By the time she arrived at The New School, Jen Benka, MFA '07, had five years of experience as Managing Director of Poets & Writers, and a published book of poetry, A Box of Longing with 50 Drawers, behind her. Since graduating, Benka has published another collection of poetry, Pinko, and now serves as the Executive Director of the Academy of American Poets. Justin Sherwood, MFA '12, interviewed her at her office in lower Manhattan to ask about what brought her to The New School, her vision of poetry and politics, and what she's been up to at The Academy.
Justin Sherwood: You began your academic career with a BA in Journalism from Marquette University. Does your interest in journalism persist, and have you found a journalistic impulse emerging as you write poetry?
Jen Benka: While journalistic investigation isn’t expressly what I do in my own work, I am personally interested in the possibility of poetry as a means to explore contemporary issues. I’m interested, for example, in the work of Muriel Rukeyser, who could be described as a poet-journalist. She wrote an important piece in 1938 about her journey with a photographer friend to Appalachia to document a trial involving several miners who were dying from lung disease. In the poem she weaved together primary source texts including trial documents, and her own interviews with people at the time. It’s called The Book of the Dead, and is part of her volume U.S. 1. I’m also interested in the work of Carolyn Forché, who thinks about poetry as a way of documenting atrocity. Forché has recently published another groundbreaking anthology called the Poetry of Witness: The Tradition in English 1500-2011.
JS: I noticed on Twitter that you identify as “A Midwesterner in Brooklyn.” What brought you to New York City?
JB: I had always wanted to live in New York. I grew up in the Midwest, and my family moved in what I think of as a kind of Bermuda Triangle—I was born in Milwaukee, then we lived for a while outside of Madison, Wisconsin, in a small farm town that was actually a stop on the Underground Railroad, called Milton Junction. Then we moved outside of Chicago, and I eventually made it back to Milwaukee. Ultimately, I was able to move to New York because I was offered the position of Managing Director at Poets & Writers.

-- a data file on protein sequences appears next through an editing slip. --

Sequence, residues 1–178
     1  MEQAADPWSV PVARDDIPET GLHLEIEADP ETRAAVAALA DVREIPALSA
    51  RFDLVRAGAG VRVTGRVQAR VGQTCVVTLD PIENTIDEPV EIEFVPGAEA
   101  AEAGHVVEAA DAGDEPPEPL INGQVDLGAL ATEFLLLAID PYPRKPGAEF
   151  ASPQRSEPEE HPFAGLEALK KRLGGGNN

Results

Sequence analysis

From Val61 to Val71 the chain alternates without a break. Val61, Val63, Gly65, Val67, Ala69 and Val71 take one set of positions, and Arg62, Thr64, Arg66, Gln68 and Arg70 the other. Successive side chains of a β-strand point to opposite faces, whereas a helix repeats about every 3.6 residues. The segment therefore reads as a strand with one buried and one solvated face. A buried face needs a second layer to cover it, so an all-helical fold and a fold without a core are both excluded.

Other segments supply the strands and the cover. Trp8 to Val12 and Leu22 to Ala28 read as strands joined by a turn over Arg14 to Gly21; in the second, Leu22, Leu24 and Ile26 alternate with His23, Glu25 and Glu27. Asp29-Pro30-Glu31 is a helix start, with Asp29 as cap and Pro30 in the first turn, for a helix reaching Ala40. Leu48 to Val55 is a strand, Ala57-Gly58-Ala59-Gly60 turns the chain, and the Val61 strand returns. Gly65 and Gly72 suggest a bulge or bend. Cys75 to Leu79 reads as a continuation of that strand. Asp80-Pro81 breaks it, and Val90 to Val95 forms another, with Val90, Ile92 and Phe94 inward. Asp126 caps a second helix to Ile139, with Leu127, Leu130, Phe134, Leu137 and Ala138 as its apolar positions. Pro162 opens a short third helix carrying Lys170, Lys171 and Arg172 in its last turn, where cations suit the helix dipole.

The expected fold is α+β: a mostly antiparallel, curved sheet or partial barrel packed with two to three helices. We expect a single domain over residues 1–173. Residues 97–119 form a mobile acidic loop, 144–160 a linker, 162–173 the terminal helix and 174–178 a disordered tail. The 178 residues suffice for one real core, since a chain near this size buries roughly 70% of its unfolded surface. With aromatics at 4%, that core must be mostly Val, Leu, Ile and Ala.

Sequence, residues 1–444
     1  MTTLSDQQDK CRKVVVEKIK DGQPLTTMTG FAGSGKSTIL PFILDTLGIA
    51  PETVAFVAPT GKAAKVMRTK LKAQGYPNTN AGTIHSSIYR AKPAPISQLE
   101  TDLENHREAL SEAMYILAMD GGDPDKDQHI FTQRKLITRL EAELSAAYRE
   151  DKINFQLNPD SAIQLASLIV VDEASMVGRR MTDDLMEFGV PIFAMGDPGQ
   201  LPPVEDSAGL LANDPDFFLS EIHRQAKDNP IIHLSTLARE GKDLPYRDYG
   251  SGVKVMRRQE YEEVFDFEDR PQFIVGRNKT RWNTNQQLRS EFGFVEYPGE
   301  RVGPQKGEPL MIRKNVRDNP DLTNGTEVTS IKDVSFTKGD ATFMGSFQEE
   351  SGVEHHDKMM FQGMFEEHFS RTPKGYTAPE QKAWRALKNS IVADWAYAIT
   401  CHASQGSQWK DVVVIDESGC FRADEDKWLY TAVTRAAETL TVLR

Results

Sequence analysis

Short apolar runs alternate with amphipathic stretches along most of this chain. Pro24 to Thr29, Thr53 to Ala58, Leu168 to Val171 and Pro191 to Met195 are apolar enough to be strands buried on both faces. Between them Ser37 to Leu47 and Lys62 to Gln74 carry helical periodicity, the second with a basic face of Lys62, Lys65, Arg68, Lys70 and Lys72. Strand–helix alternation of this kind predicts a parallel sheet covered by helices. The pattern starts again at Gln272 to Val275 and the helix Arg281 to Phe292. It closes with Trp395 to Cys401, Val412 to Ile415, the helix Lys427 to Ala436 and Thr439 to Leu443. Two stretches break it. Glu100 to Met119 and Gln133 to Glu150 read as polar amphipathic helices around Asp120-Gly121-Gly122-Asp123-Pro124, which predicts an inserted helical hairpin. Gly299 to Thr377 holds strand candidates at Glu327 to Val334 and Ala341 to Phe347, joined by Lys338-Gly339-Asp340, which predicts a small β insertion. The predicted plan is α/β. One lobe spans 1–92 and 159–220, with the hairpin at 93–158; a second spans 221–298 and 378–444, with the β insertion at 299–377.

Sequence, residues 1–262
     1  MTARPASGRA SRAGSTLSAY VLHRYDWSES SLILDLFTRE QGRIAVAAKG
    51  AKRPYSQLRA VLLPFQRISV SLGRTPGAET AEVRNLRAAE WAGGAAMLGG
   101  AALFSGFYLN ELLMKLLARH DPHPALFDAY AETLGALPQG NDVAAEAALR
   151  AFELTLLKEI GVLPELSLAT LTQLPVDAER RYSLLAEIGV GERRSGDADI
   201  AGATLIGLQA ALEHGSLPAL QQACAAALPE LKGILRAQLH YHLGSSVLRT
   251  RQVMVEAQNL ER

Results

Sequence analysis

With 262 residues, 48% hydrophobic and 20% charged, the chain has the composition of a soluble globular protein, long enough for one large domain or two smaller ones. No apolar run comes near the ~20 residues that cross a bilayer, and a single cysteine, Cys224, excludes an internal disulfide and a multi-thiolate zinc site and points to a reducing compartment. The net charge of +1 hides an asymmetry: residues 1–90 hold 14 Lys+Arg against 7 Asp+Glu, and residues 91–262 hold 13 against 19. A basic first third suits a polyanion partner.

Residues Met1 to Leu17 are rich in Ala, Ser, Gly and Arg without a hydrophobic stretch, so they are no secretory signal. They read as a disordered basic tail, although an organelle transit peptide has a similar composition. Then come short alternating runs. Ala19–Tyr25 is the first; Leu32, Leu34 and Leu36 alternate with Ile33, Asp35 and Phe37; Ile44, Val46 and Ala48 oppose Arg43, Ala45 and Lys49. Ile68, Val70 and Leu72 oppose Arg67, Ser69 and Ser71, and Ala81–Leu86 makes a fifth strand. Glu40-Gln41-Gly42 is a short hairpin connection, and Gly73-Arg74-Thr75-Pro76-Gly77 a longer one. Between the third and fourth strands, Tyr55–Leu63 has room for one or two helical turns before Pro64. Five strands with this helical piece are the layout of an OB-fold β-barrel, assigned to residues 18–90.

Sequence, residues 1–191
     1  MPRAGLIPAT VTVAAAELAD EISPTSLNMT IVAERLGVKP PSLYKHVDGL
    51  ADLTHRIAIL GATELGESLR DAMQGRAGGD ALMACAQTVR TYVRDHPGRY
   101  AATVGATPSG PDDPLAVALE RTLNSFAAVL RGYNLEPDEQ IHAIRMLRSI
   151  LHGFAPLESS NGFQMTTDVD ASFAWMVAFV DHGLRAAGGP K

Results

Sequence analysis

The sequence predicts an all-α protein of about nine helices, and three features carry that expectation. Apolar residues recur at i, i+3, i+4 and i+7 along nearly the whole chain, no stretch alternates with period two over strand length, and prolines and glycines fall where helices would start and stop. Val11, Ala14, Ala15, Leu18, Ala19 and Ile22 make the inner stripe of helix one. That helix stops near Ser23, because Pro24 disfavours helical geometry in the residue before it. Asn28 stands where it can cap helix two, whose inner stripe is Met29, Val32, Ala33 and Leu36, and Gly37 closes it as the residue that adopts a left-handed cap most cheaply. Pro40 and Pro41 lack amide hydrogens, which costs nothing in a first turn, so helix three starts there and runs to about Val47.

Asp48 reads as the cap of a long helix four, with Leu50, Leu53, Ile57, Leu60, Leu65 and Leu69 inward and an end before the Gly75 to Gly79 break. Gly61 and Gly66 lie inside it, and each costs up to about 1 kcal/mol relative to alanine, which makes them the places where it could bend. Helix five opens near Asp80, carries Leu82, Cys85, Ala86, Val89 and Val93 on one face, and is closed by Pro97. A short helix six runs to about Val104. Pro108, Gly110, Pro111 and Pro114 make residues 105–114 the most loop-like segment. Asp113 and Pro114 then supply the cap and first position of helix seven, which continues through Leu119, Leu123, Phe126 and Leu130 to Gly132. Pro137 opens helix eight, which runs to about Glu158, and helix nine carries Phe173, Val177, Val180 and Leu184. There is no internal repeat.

JS: When you enrolled in the MFA program at The New School in 2005, you were already five years into your service at Poets & Writers, and had recently published your first book of poems, A Box of Longing with 50 Drawers. Why did you decide to get an MFA?JB: It had long been a personal goal to obtain an MFA degree. I come from a family of teachers, and higher education is something that had always been stressed. And, I was looking at turning 40 in a couple of years. I knew that if I didn’t follow through on my dream of obtaining an advanced degree by the time I hit that milestone, I probably never would. I was excited about the possibility of studying at The New School.
JS: Why did you choose The New School for your MFA?
JB: I had a great job in the literary field, so I wasn’t willing to relocate from New York City. When I researched other programs it seemed that The New School was the most open to someone like me—someone who was older and working fulltime. Being able to keep my job while attending a graduate program was essential for me financially and important to me philosophically. And, of course, The New School has excellent poets teaching and a terrific reputation as one of the leading programs in the country. I was thrilled to have the chance to work with so many poets whose poems I had long admired.
JS: Have you remained in contact with your classmates from The New School?
JB: You know, when I started the program I planned on being singularly focused on my studies because I had a demanding job. But I had a wonderful classmate who second semester reminded me that meet-ups after workshops were part of the experience. Thanks to him, I established meaningful connections with an incredible cohort of student poets at The New School, and I’ll say that that’s another defining characteristic of the program. The New School MFA program genuinely fosters a non-competitive, generative sense of community among students. I’ve remained in touch with a number of my fellow students, and many have gone on to be innovators in the poetry field. They’ve won Fulbrights, launched readings series and publications like the Agriculture Reader and Coldfront, started new poetry organizations like the Poetry Society of New York, and published books with wonderful small presses. I believe the success I’ve seen from my fellow classmates is due in part to the supportive energy and community that the program facilitates. Continue reading here.
For more information about The New School MFA program, go here.